The 18th and 19th century French painter, Pierre-Joseph Redouté (ray-DEW-tay), has become world-renowned for his beautifully detailed botanical illustrations, particularly his paintings of roses.
Redouté was born in Belgium 1759, and followed in his father’s footsteps from a very young age, decorating churches and painting portraits.
His brother invited him to Paris to help decorate a theater, and there the gifted artist began to blossom. He spent his spare time painting flowers in the King’s gardens.
It was there that Redouté met the botanist Charles L’Héritier, who encouraged the young artist to focus on the scientific accuracy of his work, along with his natural artistry. L’Héritier helped the young man publish his first illustrations.
Creating botanical illustrations
To create the prints from his original paintings, Redouté used the labor-intensive technologies of his day. He created several color separated engraving plates for each illustration, and then added final touches by hand to each print.
As Redoute’s reputation grew, he attracted the attention of Queen Marie-Antoinette, who chose him to decorate the walls of her palace.
But when France was overtaken by Revolutionaries, the queen was imprisoned. Late one night, Marie-Antoinette summoned Redouté to her cell, where she asked him to paint a favorite cactus plant due to flower at midnight. It was the last time the artist saw the queen alive.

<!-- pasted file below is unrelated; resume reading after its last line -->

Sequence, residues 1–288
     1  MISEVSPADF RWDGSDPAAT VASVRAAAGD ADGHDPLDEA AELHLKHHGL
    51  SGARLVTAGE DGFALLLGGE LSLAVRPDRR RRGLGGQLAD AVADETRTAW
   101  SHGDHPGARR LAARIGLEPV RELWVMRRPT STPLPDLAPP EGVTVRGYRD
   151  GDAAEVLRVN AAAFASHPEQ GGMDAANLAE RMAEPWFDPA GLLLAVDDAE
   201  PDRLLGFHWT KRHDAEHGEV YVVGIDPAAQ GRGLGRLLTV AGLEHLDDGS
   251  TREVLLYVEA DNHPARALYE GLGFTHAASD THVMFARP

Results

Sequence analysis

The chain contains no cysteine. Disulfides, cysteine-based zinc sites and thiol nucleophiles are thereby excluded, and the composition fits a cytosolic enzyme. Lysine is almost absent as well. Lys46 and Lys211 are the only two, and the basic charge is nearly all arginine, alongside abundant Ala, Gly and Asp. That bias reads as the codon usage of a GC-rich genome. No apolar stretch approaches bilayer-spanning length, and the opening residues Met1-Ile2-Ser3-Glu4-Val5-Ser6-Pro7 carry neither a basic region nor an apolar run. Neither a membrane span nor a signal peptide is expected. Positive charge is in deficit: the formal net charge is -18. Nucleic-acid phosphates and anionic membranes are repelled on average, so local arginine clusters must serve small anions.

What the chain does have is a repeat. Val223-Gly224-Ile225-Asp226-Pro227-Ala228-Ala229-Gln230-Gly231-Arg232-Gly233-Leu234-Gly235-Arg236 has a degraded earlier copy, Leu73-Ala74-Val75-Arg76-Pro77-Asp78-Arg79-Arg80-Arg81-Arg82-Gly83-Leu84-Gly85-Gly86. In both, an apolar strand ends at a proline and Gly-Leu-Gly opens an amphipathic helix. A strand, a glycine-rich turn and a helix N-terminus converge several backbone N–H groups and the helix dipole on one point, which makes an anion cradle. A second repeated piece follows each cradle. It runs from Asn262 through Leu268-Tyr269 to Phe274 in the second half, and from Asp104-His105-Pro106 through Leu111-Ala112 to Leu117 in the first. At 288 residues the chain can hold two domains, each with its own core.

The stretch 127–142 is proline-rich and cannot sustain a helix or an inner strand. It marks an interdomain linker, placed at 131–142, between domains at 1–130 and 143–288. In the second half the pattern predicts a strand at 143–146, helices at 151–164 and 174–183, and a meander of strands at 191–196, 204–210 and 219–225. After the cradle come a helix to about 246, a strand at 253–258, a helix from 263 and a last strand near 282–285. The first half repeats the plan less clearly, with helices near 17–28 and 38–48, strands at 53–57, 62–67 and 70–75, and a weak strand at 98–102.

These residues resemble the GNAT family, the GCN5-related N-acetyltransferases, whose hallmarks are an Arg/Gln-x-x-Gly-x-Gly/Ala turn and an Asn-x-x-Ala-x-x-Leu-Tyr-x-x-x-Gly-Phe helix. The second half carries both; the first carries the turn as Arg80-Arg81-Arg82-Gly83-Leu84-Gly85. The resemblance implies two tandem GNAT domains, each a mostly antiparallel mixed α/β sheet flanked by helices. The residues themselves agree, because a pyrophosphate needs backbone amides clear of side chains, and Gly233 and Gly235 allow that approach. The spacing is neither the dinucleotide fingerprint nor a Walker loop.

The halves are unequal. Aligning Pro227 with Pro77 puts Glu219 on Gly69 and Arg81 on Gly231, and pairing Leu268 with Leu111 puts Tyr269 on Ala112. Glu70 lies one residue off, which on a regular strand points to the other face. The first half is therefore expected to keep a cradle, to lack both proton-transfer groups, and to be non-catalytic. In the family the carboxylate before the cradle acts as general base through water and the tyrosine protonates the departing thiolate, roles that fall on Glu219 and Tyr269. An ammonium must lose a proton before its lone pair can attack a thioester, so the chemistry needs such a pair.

Painter to the Empress
Somehow Redouté survived the French Revolution, despite his position with the Queen, and later he became “Painter to the Empress” Josephine Bonaparte (Napoleon’s wife).
By this time, Redouté was enjoying the height of his success, and was able to purchase a home in the country as well as an apartment in the city, complete with a studio. He was married and had a daughter, Josephine.
There was plenty of money, and Redouté spent lavishly, in spite of his wife’s protests. Eventually, however, Redouté became the victim of politics, his own generosity, and his lack of ability to manage money.
Painting Les Roses
It was at this point that Redouté began work on a volume of paintings called Les Roses, which became his greatest achievement. For this project, he often painted in the gardens at Malmaison, enjoying the roses with the Empress Josephine. When she died, her heirs invited Redouté to remain official painter at Malmaison, though they were no longer able to pay him for his work.
Meanwhile, the family’s unpaid bills were mounting and Redouté was forced to mortgage the country home. The large-format edition of Les Roses was an artistic triumph, but printing costs made it too expensive.
Wrong botanical names
A small, more affordable edition followed, but Redouté was criticized by botanists for printing the wrong names for some of the new plants.
Redouté continued to paint flowers and tutor his art students until he died in 1840 at the age of 81. The Louvre houses many of Redouté’s works.
Click here to shop for Redoute rose prints.
Copyright 2011 by Holly B. Martin All Rights Reserved.